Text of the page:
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Credit: Scotch Hobbyist

Port Ellen 7th Annual Release (Quarter Bottle, 28 years old)

ABV — 54.7% — Natural Cask Strength

Legs — Tight, slow

Nose — tangy smoke, coal, some vanilla, a refreshing fruityness, maybe lemon. Slight prickle from alcohol if you sniff too long, but pretty low alcohol profile overall considering it is cask strenght. Maybe the age mellowed it? Some water moves the vanilla and lemon to the back and makes the smoke less tangy.

Taste — Slightly hot, more coal and less tang. No hint of vanilla or lemon carrying over from the nose. The coal goes on forever on the finish, particularly as the hotness fades. Not much difference with a splash of water, just less distinctive all around. Definitely recommend drinking this one cask strength. It’s mild enough as is, and you lose too much character with water. …


In the early 20th century Suntory Ltd. was primarily an importer of Spanish wines but began to make its own plum-based dessert liquor. In 1923 its founder, Shinjiro Torri, capitalized on the sizable whisky market and founded the Suntory Distillery in the Vale of Yamazaki, between Kyoto and Tokyo.

Most of their (very lightly peated) barley is imported (from Australia, typically), but the natural water used for Suntory whiskies comes from wells right near the distillery and is relatively hard (ie, has a high mineral content, similarly to Highland Park and Glenmorangie). While the sizes and shapes of the various stills used at Suntory differ greatly, they are all in the copper pot tradition, and the whisky is distilled twice. The Yamazaki 12 year old expression comes from whiskies aged in three types of wood: American, Spanish, and Japanese oak. …


A few years ago, I stumbled across the best deal on whisky in all of Brooklyn.

A friend was in town for the holiday one week, and we decided to head over to Henry Public, a bar not too far from my apartment that serves up some great whisky-based drinks. Towards the end of the night we moved from a table in the back up to the bar and I noticed a new bottle of scotch up on the shelf that I’d never tasted: Strathisla.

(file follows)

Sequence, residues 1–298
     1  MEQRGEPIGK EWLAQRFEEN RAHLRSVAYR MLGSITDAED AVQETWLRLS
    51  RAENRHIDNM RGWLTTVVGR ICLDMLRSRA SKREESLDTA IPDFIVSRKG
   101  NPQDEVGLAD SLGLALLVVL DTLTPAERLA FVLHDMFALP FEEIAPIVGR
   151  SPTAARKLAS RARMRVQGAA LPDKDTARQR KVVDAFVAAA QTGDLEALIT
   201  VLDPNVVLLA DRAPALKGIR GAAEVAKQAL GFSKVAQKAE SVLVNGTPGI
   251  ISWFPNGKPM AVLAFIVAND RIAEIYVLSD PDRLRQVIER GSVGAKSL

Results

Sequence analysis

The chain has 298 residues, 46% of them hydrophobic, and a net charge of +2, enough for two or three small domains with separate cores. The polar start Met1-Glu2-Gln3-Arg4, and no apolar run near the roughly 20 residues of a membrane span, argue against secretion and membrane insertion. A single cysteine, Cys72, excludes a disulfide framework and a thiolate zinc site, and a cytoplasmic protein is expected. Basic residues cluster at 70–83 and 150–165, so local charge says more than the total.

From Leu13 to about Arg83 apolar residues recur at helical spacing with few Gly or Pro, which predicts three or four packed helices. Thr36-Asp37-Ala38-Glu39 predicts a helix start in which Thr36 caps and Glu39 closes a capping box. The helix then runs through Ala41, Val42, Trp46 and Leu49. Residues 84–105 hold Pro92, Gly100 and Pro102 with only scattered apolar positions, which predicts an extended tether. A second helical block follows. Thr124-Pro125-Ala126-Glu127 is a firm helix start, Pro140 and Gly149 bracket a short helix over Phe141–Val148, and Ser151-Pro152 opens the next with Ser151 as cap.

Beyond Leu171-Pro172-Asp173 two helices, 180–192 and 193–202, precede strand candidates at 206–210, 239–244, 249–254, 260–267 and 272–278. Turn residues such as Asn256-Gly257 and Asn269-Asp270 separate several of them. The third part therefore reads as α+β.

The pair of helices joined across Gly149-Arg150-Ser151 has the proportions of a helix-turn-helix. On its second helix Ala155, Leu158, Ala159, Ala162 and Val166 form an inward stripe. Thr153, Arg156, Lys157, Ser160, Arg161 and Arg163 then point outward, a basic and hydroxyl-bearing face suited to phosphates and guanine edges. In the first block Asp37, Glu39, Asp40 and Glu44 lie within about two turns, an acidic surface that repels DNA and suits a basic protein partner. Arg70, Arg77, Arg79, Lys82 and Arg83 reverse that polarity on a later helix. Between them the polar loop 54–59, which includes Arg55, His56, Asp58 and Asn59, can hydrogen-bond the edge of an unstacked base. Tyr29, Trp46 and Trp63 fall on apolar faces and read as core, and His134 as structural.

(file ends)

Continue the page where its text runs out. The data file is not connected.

We had the bartender pour out a (generous) dram, and pull the bottle down for a closer look. To our surprise, we saw a 1963 vintage Strathisla from Gordon & MacPhail. The vintage was a shock, but so was the price — this was going for only $12 a dram, no less! …


Stranahan’s Colorado Whiskey is an American whiskey in the single malt style distilled in Denver, Colorado. Founded in 2004, it is one of many new American microdistilleries creating small batch whiskies outside of the traditional bourbons and ryes that dominate the US whiskey industry.

Stranahan’s is distilled and aged in small batches for 2–5 years (earning it the “straight” whiskey moniker) using 80% locally grown barley. …


In an unfortunate turn of events, The Edrington Group, owners of Macallan, Glen Rothes, Highland Park, and Tamdhu, mothballed the latter distillery.

Although there are no immediate plans to reopen the distillery, their stocks will continue to exist (and age) for a while to come, and grocery store shelves will likely carry Tamdhu products for the foreseeable future. Since Tamdhu presumably makes up a significant portion of Edrington’s Famous Grouse blend, my guess is that production will resume once the stocks dip too low to contribute to that brand. But for now, you can still find the 10 year old at places like Fairway for around $22. …


We’ve already reviewed Trader Joe’s Tomatin 10 (available in CA), and Dan didn’t have much love for it. But fortunately for the right-most 95% of the country (and the rest of the drinking world), Tomatin has an extremely affordable official 12 year old release into which they clearly put a lot of work. Tomatin, in the Monadh Liath Mountains outside of Inverness, is at once one of the highest ditilleries (in terms of elevevation) in Scotland and one of the largest, with 12 working stills. Most of their distillate goes into blends such as Antiquary, but since around 2008 they have been increasing their output of various single malt expressions. …